"Let's go straight to Parliament to tell you that there is no longer a majority ... and quickly turn to the electorate," said Interior Minister and Deputy Prime Minister Matteo Salvini, who heads the anti-xenophobic party Lega.

Salvini says Parliament may convene next week to begin the process.

Even Five-Star Movement leader Luigi Di Maio says his party is ready for re-election.

Noise about fast trains

Italy is governed by a coalition government between Lega and the anti-establishment party Five Star Movement (M5S). Speculation has recently been high about whether the government should crack down after the parties disagreed on the funding of a high-speed rail line.

The two parties have been close to different paths in the past. In mid-July, it was speculated whether the government would crack down, due to different views on the new EU Commission President, German Ursula von der Leyen.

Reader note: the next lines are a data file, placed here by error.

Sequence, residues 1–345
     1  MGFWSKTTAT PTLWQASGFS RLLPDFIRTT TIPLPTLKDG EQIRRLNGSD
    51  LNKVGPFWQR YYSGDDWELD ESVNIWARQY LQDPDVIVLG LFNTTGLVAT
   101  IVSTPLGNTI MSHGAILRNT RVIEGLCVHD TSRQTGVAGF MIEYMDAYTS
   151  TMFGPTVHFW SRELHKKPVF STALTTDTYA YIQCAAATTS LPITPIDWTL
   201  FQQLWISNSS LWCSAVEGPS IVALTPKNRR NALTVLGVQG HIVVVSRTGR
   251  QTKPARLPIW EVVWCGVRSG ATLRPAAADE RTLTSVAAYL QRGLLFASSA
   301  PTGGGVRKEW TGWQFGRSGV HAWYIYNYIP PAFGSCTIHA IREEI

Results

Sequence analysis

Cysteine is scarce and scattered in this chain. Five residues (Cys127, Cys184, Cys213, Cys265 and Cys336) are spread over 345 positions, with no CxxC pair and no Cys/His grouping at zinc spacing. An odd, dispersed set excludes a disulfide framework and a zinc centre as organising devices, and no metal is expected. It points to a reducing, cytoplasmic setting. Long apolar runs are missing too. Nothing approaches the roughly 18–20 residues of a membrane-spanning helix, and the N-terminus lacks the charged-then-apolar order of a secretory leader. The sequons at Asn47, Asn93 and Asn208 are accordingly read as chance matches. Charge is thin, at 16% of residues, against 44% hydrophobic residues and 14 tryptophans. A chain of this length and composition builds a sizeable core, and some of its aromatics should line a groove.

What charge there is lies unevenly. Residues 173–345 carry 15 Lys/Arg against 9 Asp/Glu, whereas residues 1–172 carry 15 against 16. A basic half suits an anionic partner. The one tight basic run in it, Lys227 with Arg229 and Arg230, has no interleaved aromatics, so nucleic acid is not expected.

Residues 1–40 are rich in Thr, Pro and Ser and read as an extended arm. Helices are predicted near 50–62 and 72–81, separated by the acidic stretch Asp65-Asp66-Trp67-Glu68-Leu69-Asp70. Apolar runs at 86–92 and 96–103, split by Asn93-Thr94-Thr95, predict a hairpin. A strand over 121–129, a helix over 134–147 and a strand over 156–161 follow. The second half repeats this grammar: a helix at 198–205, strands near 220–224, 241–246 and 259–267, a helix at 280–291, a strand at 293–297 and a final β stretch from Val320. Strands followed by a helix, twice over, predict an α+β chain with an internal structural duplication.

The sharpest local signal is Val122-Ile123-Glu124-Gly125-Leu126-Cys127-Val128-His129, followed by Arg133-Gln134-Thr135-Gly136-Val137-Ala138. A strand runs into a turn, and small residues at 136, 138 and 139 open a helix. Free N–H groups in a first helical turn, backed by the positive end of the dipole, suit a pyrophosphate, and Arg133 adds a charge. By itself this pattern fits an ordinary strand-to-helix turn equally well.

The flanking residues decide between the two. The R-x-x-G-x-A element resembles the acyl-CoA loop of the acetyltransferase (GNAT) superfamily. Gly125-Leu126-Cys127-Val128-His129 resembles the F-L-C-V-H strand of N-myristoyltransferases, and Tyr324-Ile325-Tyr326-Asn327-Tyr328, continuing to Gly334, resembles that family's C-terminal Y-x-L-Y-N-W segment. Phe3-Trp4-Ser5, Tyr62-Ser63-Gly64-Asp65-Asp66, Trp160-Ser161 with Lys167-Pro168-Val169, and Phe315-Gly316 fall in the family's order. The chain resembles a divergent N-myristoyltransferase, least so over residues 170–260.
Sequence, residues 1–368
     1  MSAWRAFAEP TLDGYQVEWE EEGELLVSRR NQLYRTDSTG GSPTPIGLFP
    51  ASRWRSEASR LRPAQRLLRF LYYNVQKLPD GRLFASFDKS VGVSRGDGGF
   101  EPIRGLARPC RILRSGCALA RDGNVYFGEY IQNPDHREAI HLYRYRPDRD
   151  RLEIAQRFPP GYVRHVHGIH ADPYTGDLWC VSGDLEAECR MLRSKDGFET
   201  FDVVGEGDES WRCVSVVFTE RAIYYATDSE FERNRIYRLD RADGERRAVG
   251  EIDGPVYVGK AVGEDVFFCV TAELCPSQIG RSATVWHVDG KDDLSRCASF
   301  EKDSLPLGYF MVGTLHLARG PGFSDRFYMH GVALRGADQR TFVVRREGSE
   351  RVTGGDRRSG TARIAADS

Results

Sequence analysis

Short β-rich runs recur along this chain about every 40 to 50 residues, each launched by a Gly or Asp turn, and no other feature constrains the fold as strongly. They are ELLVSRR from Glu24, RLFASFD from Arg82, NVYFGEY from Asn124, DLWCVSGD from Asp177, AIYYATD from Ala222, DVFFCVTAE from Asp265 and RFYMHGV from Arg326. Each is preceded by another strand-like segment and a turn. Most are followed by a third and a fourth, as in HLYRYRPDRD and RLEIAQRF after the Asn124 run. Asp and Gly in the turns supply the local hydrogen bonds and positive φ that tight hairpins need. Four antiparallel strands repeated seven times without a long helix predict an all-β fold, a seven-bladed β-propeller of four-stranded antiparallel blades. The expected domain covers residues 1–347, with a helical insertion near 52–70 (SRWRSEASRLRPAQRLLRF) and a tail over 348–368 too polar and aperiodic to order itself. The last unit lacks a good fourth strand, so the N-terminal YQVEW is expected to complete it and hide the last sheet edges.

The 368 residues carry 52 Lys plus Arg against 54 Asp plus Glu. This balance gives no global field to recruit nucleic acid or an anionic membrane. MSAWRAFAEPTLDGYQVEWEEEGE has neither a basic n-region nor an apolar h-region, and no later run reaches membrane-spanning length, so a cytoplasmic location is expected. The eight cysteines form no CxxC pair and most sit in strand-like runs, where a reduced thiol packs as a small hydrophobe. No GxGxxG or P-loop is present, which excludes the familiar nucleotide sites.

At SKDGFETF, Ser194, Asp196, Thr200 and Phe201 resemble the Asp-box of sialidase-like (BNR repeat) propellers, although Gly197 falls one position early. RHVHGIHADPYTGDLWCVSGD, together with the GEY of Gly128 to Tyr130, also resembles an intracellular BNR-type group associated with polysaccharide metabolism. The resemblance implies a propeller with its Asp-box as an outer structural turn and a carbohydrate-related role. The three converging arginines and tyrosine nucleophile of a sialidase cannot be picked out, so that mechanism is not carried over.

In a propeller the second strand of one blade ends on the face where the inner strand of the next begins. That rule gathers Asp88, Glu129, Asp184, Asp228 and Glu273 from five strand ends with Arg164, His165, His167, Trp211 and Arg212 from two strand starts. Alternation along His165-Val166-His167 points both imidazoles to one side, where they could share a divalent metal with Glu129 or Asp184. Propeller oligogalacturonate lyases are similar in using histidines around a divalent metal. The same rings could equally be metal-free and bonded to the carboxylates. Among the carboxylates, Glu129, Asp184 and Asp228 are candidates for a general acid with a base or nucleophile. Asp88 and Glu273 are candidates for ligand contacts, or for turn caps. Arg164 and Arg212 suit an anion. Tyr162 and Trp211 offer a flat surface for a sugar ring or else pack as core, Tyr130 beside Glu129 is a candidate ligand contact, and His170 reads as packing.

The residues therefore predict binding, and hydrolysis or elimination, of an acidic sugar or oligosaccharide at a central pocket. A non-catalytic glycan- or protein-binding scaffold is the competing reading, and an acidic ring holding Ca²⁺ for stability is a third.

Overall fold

The balance of power has changed

In early June, the partyless Prime Minister Giuseppe Conte threatened to step down unless the leaders of Lega and M5S started talking to each other. The brawl at that time was about tax cuts which they eventually agreed to implement.

Salvini's desire for new elections may be based on a desire to strengthen Lega's support in Parliament. The balance of power between Lega and the Five Star Movement has been reversed since the EU elections last spring.

Lega then got 34 percent of the vote, unlike 17 percent in the national election last year. At the same time, support for the Five Star Movement fell to just over 17 percent in the EU election, compared to 32.5 percent in the national election.